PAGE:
Edit 2: This is no religious matter where by I will stick to no link in the face of thorough evidence to the contrary. I'm not saying that I will always avoid a tie between the -V and ground (and will add it in situations like Ormerod 2) and may well someday understand it better! 😄

  • @doctrucker Thanks again, especially for such a thorough answer.

    My only dilemma here is that I'm suspicious that the capacitor link to ground would be sufficient to protect against AC shorting to the DC circuit, and that by adding a separate direct link I'd be creating a very small ground loop, and I do not know if there are any negative effects from this.

    What do you think? Just put the link and call it a day? I hate doing things without knowing why I'm doing them.

  • My understanding is it is not about the ac shorting to the dc circuit but more a potential difference building up between the dc rail and ground. Although you are measuring the output of the dc rail to its own 0v pin giving you 12 or 24v (what ever your power supply is rated to), due to the fact it is not grounded to earth, its has the ability to actually be a lot higher than that with respect to ground. It could be 30v or even higher. If for example the dc circuit is isolated from ground but then touches, that is when it becomes a problem. Sensitive electronics such as sensors etc do not like it.

    That is my understanding of it. I am not a sparkie, but am in the pumping and irrigation industry where we have sensors (loop powered pressure and transducers etcm) on 24v power supplies that a) do silly things because of it or b) blow up in rare situations. By binding the 0v to ground it avoids these issues.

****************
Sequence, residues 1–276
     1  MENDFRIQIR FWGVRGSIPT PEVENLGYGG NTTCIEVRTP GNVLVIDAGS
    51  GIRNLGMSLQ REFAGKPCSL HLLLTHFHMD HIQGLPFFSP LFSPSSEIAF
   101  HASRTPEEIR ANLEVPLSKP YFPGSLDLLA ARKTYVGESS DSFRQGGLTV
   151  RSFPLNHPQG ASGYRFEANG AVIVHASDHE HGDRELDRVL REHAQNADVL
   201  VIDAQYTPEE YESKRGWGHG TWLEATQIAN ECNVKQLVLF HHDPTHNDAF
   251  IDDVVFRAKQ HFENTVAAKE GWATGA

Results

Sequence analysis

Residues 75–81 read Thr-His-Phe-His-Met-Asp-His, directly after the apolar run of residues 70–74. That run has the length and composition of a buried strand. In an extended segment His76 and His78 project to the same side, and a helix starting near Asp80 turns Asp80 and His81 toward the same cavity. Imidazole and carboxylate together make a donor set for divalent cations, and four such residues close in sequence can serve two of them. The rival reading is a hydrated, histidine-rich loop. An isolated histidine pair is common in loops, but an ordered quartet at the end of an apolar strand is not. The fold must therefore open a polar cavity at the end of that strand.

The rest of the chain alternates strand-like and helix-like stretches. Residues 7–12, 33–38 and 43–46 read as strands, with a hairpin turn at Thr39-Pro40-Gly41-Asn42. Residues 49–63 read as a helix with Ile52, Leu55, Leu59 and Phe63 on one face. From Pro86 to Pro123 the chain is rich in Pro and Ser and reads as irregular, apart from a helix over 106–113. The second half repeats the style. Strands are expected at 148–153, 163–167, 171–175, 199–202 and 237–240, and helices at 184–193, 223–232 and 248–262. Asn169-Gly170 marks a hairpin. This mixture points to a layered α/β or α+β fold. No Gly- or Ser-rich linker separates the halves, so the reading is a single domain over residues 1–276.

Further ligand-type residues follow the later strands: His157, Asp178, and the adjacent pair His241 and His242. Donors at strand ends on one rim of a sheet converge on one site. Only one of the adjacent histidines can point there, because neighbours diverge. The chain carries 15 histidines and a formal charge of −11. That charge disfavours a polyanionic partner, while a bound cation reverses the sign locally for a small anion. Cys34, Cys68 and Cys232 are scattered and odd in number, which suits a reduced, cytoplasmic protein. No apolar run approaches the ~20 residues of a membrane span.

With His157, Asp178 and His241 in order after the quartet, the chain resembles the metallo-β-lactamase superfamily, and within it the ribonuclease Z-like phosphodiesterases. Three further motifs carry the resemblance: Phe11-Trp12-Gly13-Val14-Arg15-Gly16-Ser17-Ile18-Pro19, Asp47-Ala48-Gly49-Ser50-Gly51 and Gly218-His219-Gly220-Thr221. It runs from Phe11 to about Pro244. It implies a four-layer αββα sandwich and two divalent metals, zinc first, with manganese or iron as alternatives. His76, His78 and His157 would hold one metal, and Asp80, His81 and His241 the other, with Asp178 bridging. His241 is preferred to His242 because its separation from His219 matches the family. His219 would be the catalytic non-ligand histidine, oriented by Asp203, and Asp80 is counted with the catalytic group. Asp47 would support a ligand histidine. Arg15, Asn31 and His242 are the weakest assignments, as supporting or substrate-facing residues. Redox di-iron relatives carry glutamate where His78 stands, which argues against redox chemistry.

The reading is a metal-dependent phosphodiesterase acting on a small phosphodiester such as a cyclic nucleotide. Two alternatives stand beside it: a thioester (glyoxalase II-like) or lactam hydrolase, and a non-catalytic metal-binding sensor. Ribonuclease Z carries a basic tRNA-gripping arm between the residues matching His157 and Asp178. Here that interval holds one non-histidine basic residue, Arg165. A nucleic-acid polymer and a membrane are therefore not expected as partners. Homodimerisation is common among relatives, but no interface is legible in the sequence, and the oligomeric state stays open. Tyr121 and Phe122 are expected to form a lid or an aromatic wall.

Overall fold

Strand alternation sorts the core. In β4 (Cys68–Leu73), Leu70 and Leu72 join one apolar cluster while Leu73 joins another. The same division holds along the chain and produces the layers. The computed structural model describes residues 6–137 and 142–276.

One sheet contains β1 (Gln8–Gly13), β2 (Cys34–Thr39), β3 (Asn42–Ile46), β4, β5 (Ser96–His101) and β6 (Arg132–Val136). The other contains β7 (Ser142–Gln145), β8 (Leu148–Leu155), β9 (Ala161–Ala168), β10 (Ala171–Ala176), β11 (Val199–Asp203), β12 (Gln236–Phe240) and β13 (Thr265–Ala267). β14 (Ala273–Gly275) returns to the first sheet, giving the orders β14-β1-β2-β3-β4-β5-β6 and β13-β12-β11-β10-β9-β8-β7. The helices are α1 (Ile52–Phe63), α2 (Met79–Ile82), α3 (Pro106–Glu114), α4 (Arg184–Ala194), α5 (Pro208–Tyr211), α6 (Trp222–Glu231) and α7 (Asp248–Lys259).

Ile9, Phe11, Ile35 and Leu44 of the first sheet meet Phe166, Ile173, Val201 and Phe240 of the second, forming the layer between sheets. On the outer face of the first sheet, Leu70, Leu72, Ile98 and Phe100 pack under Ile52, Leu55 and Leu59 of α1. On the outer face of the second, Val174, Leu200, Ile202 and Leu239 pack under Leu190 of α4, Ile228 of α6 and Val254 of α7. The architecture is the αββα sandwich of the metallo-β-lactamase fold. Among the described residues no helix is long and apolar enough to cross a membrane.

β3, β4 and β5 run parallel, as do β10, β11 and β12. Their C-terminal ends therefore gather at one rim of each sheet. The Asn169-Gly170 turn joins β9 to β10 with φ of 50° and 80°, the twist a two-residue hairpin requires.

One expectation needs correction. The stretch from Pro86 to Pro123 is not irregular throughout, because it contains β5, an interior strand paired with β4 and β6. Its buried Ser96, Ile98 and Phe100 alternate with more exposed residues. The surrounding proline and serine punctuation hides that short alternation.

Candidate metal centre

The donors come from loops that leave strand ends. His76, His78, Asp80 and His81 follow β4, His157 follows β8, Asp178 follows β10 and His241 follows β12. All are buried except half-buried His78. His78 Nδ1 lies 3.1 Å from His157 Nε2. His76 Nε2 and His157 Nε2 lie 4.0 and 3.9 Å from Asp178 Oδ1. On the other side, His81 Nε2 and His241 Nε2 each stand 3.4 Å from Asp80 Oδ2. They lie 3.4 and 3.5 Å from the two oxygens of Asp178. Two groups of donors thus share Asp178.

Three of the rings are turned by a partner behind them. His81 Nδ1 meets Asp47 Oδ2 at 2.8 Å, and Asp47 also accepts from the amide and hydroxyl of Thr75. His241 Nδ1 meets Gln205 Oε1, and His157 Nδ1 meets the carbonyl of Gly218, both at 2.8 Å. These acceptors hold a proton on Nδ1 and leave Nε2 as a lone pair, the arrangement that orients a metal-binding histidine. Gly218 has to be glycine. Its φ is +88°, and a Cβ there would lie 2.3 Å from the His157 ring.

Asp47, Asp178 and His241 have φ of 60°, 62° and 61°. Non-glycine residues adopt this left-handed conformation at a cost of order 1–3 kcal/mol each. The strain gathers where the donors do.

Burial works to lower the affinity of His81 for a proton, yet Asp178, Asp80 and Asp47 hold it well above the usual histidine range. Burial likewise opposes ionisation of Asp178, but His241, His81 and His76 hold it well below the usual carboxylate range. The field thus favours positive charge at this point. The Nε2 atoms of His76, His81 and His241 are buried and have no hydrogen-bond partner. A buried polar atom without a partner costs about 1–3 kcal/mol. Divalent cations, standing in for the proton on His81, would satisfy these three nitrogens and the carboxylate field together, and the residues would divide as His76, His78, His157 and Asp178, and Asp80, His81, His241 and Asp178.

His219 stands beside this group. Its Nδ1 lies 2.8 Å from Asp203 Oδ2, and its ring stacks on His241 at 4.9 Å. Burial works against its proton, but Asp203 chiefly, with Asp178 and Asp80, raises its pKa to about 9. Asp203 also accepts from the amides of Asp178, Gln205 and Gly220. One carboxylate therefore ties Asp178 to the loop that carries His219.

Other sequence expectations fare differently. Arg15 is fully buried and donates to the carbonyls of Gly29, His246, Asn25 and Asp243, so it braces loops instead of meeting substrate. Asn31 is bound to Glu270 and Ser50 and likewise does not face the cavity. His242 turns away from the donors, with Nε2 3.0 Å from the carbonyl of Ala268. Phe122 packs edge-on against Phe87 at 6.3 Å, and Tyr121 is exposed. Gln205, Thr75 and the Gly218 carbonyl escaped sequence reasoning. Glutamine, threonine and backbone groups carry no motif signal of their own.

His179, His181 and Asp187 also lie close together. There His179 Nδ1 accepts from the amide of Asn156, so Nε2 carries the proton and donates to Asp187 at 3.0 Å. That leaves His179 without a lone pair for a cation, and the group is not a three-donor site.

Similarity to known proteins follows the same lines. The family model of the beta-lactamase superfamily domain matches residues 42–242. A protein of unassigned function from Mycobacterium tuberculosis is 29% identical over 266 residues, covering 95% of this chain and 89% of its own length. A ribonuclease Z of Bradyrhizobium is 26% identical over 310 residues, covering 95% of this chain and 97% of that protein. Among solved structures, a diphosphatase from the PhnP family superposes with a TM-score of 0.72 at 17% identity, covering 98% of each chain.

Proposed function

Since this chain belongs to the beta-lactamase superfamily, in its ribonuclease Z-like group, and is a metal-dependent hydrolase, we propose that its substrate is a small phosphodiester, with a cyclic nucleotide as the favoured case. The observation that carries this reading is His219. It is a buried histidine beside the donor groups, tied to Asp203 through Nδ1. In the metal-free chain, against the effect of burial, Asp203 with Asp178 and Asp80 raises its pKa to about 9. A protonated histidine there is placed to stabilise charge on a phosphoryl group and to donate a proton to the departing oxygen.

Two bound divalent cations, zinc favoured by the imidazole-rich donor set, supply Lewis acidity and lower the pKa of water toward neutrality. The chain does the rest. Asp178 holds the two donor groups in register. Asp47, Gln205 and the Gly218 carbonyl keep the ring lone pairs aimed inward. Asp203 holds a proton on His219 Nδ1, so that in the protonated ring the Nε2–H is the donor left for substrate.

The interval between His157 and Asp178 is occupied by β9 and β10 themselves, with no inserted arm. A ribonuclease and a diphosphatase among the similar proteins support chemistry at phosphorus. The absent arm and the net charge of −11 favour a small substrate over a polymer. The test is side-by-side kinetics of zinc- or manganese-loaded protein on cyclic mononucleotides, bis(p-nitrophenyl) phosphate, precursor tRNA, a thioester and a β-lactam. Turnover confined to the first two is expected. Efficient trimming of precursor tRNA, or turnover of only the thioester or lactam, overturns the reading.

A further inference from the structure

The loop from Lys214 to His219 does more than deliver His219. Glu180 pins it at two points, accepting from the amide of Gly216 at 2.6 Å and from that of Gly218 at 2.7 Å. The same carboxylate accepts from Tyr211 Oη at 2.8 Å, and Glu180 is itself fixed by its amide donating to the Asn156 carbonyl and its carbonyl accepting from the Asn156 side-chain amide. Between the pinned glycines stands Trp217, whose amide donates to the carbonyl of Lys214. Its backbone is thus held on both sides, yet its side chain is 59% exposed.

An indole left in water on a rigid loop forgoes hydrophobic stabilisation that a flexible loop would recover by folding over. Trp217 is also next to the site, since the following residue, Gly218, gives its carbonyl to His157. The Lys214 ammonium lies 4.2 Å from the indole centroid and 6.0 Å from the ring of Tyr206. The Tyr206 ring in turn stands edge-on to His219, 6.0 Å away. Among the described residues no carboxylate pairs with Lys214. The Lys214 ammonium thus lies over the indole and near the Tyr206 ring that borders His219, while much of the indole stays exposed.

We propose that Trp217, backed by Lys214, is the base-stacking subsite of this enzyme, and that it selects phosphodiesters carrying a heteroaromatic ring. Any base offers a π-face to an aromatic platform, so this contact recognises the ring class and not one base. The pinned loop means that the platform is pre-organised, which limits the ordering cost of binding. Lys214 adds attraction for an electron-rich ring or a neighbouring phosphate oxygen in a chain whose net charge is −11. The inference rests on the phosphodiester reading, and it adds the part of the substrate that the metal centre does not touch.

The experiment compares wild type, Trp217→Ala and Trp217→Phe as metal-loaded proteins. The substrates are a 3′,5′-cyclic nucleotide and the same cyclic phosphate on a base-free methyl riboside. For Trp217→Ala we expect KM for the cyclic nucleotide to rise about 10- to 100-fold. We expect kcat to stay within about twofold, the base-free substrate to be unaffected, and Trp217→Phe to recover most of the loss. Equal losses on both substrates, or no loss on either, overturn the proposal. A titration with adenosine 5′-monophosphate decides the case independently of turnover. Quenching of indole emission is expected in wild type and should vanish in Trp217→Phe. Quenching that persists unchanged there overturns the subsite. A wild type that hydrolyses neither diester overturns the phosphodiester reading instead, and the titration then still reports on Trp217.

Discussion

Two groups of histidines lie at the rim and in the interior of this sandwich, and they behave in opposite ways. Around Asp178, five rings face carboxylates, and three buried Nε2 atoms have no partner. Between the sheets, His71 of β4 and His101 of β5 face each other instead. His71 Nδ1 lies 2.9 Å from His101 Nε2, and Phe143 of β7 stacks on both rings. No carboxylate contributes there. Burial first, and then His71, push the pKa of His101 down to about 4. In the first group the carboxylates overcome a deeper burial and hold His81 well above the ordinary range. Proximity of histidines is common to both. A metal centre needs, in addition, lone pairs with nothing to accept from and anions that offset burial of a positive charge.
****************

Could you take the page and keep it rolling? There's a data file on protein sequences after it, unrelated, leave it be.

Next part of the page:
Correct me if I am wrong but I believe that is what our sparkie said the reasoning behind it.

    Kind Regards,


  • @samlogan87 A very compelling argument! Thank you for that.

    I will add the ground link!

  • I should have also said the control board as well as the sensors.



  • administrators

    I recommend that you ground the negative PSU output for safety. The only drawback I am aware of is that if you connect the USB port to a PC, you create a ground loop and that can be troublesome. See the wiki page on USB ground loops.

  • Just to clarify @dc42, do you recommend putting a wire link between GND and V-, or e.g., a 1 MOhm bleed-off resistor, or something else (like a diode or varistor)?

    For those who want to read some more on this topic, I think this is a good read:

  • Thanks for the information. As I read the first detailed post I was thinking a resistor rather than plain join might be best. Only other arguments I've seen before as whereone of the you-tubers shock themselves, but that was due to a bad mains earth, not lack of DC - AC connection.

  • I also do lots of other DIY electronics.

    For audio amplifiers, and circuits where ground loops can cause some very undesirable things, particularly since there are a lot of places that can cause ground loops in audio equipment, it seems to be pretty standard practice to have an isolator between the DC ground and actual earth.